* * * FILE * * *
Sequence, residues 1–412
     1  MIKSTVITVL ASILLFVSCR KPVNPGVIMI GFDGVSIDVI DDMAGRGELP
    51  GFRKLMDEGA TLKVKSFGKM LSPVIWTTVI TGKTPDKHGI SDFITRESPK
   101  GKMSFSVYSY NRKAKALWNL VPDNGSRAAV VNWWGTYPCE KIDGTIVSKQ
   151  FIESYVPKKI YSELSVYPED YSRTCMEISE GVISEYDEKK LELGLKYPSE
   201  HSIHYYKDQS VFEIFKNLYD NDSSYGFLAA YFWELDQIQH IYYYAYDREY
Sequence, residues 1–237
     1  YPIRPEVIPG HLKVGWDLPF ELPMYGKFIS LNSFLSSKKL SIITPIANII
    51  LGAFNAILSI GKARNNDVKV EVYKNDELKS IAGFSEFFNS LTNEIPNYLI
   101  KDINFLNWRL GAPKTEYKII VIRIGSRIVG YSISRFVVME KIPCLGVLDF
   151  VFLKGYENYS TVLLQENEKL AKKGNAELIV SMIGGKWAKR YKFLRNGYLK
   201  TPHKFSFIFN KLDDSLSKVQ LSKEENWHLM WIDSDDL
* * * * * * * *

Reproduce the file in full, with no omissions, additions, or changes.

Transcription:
Sequence, residues 1–412
     1  MIKSTVITVL ASILLFVSCR KPVNPGVIMI GFDGVSIDVI DDMAGRGELP
    51  GFRKLMDEGA TLKVKSFGKM LSPVIWTTVI TGKTPDKHGI SDFITRESPK
   101  GKMSFSVYSY NRKAKALWNL VPDNGSRAAV VNWWGTYPCE KIDGTIVSKQ
   151  FIESYVPKKI YSELSVYPED YSRTCMEISE GVISEYDEKK LELGLKYPSE
   201  HSIHYYKDQS VFEIFKNLYD NDSSYGFLAA YFWELDQIQH IYYYAYDREY
Sequence, residues 1–237
     1  YPIRPEVIPG HLKVGWDLPF ELPMYGKFIS LNSFLSSKKL SIITPIANII
    51  LGAFNAILSI GKARNNDVKV EVYKNDELKS IAGFSEFFNS LTNEIPNYLI
   101  KDINFLNWRL GAPKTEYKII VIRIGSRIVG YSISRFVVME KIPCLGVLDF
   151  VFLKGYENYS TVLLQENEKL AKKGNAELIV SMIGGKWAKR YKFLRNGYLK
   201  TPHKFSFIFN KLDDSLSKVQ LSKEENWHLM WIDSDDL